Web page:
The implementation of the Balanced Scorecard

Having outlined many potential benefits and advantages of the Balanced Scorecard it is important to mention that the Balanced Scorecard as a performance management system does not run by itself. Ineffective communication of what is expected from all employees throughout the organisation could be a barrier to successfully implement the Balanced Scorecard (Chen & Jones, 2009). Employees need to know how they can contribute to the success of this approach in the best possible way. In order to successfully implement the Balanced Scorecard it is crucial not only to communicate the strategy but also find out how the staff of the firm sees the Balanced Scorecard. Eventually, employees are those affected by this new system and since a very important part of this approach is to develop and train human capital, it is very important that they in fact "buy into" the Balanced Scorecard approach. Every employee has his or her own goals and a perception of how to achieve them in the workplace. If these individual goals are not aligned with the company's goals it is likely that poor results will occur.

On the other hand, if employees know what is expected from them and if they know how executing a specific function contributes to the overall achievement of the company's goals, then employees are in a position to further improve the success of the Balanced Scorecard. That means that they have to believe that they can benefit from the Balanced Scorecard as well, making them cooperate with this approach rather than simple cope with it (Chen & Jones, 2009).

Some organizations for example communicate the Balanced Scorecard to each employee by developing personal scorecards (Niven, 2006). Although these personal scorecards usually include just a small number of measures, they are linked to the organisation-wide scorecards. That supports the idea mentioned above that employees should know how they can contribute to wider organisational goals. That in turn makes them feel more valued in the case where they perform better than suggested on their personal scorecard. The incorporation of these personal scorecards into the Balanced Scorecard approach can be also favourably employed to encourage "ownership", so employees feel like they are part of the company and that realise that their contributions can really make a difference (Niven, 2006). Therefore employees can also benefit from the use of a balanced scorecard if implemented correctly.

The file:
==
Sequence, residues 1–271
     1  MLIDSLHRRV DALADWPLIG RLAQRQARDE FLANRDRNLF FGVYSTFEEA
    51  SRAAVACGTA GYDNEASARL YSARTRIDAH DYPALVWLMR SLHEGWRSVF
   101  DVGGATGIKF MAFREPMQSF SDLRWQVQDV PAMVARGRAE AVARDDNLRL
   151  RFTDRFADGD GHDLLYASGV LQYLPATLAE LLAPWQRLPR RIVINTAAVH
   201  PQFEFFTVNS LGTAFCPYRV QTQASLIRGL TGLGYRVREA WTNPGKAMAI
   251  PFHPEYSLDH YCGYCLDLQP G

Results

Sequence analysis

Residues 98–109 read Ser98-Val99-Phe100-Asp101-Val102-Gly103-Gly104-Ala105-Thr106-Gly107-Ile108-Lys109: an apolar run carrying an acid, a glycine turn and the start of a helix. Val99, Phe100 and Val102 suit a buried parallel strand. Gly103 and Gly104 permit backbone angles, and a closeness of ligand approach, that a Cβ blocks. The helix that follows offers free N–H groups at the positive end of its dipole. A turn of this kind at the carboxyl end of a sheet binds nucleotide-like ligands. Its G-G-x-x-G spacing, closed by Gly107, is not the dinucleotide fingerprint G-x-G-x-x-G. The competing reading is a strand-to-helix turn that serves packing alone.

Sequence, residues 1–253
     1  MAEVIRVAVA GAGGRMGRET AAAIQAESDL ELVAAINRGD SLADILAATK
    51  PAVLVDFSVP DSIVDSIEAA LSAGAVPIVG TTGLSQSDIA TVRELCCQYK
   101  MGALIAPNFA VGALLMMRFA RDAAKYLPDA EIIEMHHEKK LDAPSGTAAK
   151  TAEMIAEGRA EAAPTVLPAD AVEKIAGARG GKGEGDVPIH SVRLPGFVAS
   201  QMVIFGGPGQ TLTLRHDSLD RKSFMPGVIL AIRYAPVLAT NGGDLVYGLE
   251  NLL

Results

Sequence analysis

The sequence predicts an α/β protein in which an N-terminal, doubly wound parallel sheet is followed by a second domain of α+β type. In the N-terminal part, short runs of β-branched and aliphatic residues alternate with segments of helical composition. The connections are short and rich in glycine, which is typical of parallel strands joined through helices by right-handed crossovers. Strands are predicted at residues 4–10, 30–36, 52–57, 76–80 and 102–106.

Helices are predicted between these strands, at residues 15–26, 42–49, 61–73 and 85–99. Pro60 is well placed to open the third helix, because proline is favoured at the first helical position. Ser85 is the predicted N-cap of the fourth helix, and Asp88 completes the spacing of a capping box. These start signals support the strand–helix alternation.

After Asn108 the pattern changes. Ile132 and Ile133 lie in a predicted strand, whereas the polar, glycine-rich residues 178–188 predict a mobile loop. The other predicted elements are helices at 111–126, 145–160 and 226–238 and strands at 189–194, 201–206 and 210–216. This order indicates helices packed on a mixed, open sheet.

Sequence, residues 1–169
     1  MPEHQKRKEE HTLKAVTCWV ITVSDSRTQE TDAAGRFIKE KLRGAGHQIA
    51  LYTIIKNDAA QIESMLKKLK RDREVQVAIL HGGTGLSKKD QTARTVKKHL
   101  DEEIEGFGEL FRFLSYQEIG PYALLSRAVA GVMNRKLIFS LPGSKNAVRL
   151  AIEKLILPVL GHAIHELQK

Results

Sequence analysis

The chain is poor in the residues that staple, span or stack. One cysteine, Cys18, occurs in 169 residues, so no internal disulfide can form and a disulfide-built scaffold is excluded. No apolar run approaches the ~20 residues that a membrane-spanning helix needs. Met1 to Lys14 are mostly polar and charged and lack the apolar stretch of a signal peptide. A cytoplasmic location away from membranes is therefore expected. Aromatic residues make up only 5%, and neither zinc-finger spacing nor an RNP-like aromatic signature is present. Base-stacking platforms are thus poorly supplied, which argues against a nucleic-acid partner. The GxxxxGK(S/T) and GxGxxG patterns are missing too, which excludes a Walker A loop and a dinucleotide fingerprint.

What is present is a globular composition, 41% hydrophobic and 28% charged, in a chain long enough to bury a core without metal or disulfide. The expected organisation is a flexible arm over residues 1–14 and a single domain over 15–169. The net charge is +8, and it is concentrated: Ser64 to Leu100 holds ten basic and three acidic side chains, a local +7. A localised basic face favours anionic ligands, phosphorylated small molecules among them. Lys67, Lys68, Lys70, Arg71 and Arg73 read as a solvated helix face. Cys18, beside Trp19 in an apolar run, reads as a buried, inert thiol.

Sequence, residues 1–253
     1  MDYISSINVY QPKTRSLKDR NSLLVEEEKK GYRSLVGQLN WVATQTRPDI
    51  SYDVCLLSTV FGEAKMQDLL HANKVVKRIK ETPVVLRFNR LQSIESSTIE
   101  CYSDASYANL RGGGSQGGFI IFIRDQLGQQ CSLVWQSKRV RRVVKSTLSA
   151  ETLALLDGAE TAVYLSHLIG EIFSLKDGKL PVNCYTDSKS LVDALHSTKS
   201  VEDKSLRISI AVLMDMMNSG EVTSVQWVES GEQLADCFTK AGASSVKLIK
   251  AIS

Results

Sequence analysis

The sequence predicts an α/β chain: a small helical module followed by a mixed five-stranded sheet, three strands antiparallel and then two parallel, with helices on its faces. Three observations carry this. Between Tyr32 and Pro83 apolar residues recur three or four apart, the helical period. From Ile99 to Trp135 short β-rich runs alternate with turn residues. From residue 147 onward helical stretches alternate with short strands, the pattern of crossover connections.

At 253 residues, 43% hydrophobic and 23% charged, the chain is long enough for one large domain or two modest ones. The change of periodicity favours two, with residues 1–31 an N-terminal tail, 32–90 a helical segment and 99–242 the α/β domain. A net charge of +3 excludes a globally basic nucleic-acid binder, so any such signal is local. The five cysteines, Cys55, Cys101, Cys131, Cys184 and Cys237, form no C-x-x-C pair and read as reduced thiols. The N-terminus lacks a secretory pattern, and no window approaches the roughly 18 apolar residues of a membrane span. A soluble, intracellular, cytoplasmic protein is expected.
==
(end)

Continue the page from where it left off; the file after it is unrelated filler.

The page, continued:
Conclusion

This report has analysed the importance of performance management for companies to achieve sustainable competitive advantage in today's fast paced business environment. The report has shown that in today's knowledge age organisations have to focus on effective performance management and embrace the growing value of intangible assets to increase firm value. The Balanced Scorecard approach assists companies to do so and can help to break down corporate strategy into action, engage employees and bring better depth to corporate performance management away from solely relying on financial indicators. The Balanced Scorecard approach with its four perspectives underlines this move away from just focusing on financial measures. A well formulated Balanced Scorecard that links all four components together plays an important role in transforming strategic long-term planning into action throughout the whole company.

The report also argued that the balanced scorecard can provide the crucial link between strategic long-term objectives and day-to-day operational activities, by designing understandable and achievable performance targets throughout an organisation. The approach also engages - if implemented correctly - all employees of a firm in the discussion of these strategic targets.

A key issue that was identified in this report in order to successfully implement the Balanced Scorecard is the need for effective communication throughout the organisation that leads to a clear understanding of key roles and responsibilities. Moreover, individual scorecards were discovered to be very helpful for staff to further enhance this understanding and to create 'ownership' on the part of employees.